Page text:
During October, local farms often see more families wanting to come out and visit places like pumpkin patches.
It's part of a growing agritourism push locally and across the commonwealth. The goal is to help farmers bring in extra money to make ends meet.
It's not just a place to pick your perfect Christmas tree anymore, but there's a number of farm life activities to join.
Mother, Courtney Thomas, says she loves all the extra perks she gets to do now at the farm. Families can check out the pumpkin patch, corn maze, and take a hayride.
"I think it's wonderful. It expands what they are able to do in different parts of the year," parent Courtney Thomas says.
Owner of Joe's Trees, Sue Bostic, drives the kids on the hayride. She says in the last ten years, Joe's Farm has gone from selling 200 trees a year to 1,400. That's a 700% increase!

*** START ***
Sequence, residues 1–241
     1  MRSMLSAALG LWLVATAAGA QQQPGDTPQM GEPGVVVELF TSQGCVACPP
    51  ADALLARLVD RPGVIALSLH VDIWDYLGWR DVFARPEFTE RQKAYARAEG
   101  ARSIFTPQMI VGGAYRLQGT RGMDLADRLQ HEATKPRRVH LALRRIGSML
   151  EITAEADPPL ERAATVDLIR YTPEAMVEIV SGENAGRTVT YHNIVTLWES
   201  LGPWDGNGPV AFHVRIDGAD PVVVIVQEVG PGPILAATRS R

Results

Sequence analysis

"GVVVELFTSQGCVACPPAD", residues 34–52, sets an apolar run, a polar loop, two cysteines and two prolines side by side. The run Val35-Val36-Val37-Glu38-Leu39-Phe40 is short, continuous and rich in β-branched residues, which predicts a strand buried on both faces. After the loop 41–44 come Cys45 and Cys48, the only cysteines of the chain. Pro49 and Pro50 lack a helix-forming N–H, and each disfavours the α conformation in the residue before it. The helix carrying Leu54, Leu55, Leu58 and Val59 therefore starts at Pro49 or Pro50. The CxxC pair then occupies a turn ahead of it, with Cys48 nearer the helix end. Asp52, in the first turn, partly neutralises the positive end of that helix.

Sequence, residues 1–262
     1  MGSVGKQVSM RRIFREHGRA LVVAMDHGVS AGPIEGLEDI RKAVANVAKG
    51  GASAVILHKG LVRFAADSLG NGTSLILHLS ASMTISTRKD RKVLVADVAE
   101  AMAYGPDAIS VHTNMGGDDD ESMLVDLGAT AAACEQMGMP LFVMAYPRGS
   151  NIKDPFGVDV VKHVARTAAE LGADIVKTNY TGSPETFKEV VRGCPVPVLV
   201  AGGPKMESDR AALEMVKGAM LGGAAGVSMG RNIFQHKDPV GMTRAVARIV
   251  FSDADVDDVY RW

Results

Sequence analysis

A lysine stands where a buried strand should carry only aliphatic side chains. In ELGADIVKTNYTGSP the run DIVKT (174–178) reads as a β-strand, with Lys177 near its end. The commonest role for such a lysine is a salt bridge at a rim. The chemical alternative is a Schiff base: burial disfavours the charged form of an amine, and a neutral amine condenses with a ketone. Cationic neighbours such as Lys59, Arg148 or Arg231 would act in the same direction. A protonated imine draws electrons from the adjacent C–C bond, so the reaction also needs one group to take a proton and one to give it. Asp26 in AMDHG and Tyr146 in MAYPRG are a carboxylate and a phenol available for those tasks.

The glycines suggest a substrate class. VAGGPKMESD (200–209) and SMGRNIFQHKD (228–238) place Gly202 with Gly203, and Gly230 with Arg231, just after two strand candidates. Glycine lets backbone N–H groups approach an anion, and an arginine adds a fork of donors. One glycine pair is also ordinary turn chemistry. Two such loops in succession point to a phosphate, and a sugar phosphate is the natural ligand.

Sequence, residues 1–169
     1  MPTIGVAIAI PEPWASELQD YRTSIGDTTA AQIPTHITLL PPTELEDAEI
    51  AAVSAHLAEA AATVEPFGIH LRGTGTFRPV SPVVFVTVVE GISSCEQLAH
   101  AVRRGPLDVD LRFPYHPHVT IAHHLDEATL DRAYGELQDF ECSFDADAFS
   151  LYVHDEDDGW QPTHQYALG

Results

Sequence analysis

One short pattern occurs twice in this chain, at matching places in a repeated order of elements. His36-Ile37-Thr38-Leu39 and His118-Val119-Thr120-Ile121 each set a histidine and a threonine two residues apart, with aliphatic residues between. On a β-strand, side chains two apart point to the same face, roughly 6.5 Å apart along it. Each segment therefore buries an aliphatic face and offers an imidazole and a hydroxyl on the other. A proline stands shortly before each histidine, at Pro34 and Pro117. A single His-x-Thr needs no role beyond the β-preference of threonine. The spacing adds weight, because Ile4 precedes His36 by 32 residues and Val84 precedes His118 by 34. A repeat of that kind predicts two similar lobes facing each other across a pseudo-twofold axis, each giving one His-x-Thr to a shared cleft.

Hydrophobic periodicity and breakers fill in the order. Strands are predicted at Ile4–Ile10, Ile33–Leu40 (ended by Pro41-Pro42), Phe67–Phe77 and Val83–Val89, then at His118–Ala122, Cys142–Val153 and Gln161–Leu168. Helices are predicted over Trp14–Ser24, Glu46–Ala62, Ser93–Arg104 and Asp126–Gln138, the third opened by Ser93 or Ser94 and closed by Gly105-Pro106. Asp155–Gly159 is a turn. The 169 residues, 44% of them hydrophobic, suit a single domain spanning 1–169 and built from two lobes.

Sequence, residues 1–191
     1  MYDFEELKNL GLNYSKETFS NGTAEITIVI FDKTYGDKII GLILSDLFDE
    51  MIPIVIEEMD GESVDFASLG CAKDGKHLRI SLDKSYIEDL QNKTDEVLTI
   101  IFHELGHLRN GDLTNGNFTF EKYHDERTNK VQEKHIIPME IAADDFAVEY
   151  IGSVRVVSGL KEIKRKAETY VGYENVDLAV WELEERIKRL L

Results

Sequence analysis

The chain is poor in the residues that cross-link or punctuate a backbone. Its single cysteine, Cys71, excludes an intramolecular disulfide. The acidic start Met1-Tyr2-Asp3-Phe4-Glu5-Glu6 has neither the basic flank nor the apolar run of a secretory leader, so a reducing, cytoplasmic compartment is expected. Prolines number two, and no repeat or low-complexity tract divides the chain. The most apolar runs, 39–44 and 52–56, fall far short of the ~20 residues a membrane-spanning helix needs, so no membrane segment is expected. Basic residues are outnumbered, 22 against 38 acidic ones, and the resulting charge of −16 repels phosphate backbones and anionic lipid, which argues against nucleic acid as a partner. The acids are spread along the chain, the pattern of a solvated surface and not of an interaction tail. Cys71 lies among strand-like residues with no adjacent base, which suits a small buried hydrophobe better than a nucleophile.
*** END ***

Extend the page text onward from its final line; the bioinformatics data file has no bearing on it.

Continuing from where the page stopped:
She says it's all about promoting the business model of agritourism and teaching people in the community about all aspects on the farm.
"That's why we added the pumpkin patch because when the economy took a turn things seemed to be a little harder for all farmers, not just Christmas tree farmers, but farmers in general," Joe's Tree's owner Sue Bostic says. "We thought this would enhance school tours and give them two reasons to be able to come back."
Bostic also keeps all products inside her store local, from the honey she gets from bees she keeps out in the farm, to local cider, and local produce.
Giving people from near and far a reason to come back again and again.
See Valley Business FRONT's article on Joe's Trees here.